Dogs do require a high level of care, such as regular walking, brushing, and training. It is important to research breeds that are child-friendly and suitable for your home and lifestyle. Consider whether barking or dog play behavior might frighten your child.

You may be surprised to learn that there are more pet cats than dogs across the county. Cats are the top choice in part because they require much less daily care and are less expensive to own than dogs. They also live longer, on average, because they are smaller than most dogs. 

CatIf you are considering a cat, just as with dogs, it is important to find the right match. Cats tend to have distinct personalities and don’t exhibit the same type of behavior as dogs. As cat lovers know, cats are affectionate, friendly and will bond with you. They enjoy closeness and petting and play.

However, cats do not roughhouse like dogs. Cats tend to be more quiet and sensitive than canine companions. For those reason, cats can be a good choice for a sensory -sensitive child who might be frightened by loud barking, jumping and lively dog behavior.

Not all children, or adults, are comfortable with animals. This can create a very stressful situation for both people and pets! If you are in doubt about your child’s comfort level with any animal, it is not the time to bring home a pet.

If you would like to have some type of pet experience in your home, fish may be the answer. Fish are low maintenance pets, and watching water movements has been found to be soothing. No guessing why they are the No. 1 pet in America!

fish-bowl-846060_1920Fish, require maintenance and good, consistent care. Learning responsibility is important, but as the parent, you will always need to monitor and supervise the care and ensure the safety of both your child and your pet. Small, furry pets such as guinea pigs and hamsters are often appealing. However, they have to be handled very gently and care must be taken to have their cages always locked, so escape or unwanted attention from other pets does not occur.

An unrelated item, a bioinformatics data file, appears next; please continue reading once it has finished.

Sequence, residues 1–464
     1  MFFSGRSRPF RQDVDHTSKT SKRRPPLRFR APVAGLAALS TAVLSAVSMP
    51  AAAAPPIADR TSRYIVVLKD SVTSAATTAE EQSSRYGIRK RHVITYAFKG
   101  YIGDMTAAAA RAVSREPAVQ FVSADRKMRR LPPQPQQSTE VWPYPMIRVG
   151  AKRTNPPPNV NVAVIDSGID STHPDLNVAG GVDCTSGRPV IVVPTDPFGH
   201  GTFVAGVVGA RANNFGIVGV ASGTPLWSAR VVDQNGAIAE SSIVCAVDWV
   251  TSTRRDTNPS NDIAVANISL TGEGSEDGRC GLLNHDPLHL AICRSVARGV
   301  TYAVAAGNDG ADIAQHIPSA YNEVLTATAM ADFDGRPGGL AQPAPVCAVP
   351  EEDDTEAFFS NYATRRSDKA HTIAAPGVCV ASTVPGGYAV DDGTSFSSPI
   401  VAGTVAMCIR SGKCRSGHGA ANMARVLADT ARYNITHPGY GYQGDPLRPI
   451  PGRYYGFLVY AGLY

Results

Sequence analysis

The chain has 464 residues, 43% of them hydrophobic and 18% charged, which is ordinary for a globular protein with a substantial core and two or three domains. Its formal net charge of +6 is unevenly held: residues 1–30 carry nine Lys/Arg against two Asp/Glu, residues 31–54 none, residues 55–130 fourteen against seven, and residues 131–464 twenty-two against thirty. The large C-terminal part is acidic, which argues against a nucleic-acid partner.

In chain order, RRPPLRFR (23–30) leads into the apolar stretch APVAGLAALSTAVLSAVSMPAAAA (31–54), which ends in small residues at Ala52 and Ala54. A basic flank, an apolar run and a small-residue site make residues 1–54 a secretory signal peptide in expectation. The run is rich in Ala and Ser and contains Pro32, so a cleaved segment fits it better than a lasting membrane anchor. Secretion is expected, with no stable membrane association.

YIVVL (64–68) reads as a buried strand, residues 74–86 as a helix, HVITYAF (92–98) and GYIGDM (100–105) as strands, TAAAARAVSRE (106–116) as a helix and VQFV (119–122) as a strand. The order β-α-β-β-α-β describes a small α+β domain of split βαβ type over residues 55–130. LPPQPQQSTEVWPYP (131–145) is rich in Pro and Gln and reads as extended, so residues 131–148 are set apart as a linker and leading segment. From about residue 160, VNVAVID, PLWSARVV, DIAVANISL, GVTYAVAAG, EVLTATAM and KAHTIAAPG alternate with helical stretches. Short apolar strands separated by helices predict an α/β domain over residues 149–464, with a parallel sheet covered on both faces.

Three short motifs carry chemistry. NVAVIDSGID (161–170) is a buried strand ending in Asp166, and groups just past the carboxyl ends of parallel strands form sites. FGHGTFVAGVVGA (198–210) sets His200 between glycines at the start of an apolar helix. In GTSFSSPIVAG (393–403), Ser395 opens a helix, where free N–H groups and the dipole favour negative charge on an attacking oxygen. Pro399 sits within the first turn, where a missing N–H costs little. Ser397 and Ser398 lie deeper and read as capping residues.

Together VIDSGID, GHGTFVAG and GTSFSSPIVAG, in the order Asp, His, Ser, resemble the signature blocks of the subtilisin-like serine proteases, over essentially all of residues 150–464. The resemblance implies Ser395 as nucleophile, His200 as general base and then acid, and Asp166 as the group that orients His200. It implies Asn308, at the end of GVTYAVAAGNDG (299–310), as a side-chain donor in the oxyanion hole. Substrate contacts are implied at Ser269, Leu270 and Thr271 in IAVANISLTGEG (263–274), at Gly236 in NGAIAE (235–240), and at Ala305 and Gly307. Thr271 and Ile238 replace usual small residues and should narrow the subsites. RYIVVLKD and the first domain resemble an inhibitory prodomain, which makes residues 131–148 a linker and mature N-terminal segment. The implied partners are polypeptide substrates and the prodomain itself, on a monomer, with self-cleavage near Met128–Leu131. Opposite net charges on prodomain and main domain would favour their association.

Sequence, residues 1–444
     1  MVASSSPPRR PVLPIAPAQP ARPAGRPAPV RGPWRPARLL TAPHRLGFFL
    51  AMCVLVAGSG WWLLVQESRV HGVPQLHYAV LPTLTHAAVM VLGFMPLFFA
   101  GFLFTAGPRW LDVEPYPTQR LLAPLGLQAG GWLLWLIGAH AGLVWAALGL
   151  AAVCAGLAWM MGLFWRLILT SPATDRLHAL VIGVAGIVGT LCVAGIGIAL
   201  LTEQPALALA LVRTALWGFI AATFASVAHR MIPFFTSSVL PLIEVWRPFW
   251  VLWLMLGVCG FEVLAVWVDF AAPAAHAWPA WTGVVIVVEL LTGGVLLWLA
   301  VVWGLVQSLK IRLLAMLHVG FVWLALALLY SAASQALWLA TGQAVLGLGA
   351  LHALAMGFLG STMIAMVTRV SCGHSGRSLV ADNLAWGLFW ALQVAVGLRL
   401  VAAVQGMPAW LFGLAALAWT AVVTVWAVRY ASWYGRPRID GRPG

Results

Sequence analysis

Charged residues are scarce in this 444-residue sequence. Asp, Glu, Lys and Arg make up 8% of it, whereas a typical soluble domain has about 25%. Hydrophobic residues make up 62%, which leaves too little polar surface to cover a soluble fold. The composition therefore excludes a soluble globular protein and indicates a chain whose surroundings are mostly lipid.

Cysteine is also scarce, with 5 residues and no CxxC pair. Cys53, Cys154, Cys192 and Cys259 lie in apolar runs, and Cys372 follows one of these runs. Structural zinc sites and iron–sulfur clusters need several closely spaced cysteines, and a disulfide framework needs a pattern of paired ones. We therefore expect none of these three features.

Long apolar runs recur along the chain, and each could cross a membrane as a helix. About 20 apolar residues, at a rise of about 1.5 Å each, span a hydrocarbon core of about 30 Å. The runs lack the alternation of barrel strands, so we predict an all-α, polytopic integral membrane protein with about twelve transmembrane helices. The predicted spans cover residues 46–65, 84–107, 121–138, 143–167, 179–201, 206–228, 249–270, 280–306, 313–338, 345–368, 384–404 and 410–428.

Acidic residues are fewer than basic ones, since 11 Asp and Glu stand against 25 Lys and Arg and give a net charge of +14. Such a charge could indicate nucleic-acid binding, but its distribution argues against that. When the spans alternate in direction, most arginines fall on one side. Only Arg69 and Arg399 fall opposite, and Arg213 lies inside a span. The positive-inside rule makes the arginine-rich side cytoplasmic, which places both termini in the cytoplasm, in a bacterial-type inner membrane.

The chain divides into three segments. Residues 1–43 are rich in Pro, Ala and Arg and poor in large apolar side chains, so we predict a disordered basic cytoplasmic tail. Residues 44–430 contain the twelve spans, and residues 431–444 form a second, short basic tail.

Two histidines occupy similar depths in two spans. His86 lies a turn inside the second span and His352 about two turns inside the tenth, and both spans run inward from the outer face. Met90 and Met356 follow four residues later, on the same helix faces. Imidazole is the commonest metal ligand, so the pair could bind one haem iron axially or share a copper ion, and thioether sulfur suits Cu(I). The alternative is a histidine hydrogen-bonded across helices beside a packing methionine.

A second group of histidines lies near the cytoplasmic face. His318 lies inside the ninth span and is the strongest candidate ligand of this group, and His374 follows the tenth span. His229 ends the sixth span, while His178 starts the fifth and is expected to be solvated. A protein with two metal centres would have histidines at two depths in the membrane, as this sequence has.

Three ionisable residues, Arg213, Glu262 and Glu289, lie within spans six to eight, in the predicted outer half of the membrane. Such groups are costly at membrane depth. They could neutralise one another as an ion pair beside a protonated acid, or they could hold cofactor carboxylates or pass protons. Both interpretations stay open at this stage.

No matter what you decide, a good suggestion is to expose your child to the pets you are considering before you bring one home. Here are some ways to check out pets:

  • Spend some time with friends who have pets, visit a rescue group or foster a dog before adopting.
  • Prepare your child by reading some books about pets together.
  • Create a checklist, social story, or visual images of what to expect and how to behave with your pet.

Additional articles on this topic:

By Allison Weideman, ECLC Chatham School Psychologist

Let’s Plant a Sensory Garden!

Garden

What is a Sensory Garden? A sensory garden is meant to appeal to ALL the senses, not only our visual sense. They are often utilized with special needs populations and are found to have therapeutic value for many individuals.

We are most familiar with the sights of a garden. Enhance the visual appeal with plants of varying flower colors, including red, soft grey and mixed color foliage. Consider plants with different textures and shapes and some (like grasses and tall plants) that will sway with the breeze.

The sense of sound will be enhanced with features, such as wind chimes,  grasses that rustle and textured paths that make sounds as you walk on them. Having a birdbath will add bird calls and visual interest. If you have a pathway, incorporate  gravel or stones that produce sound when walking.

For the sense of touch, include plants that can tolerate some touch and “petting.” Hosta, coneflowers and yarrow are all quite tolerant of touching. Vary the textures of plants, so that you have some smooth leaves and flowers and some larger or fuzzy textures (purple sage). Some plants are just fun to touch, such as lamb’s ears, astilbe (with its fern-life foliage) and sunflower heads.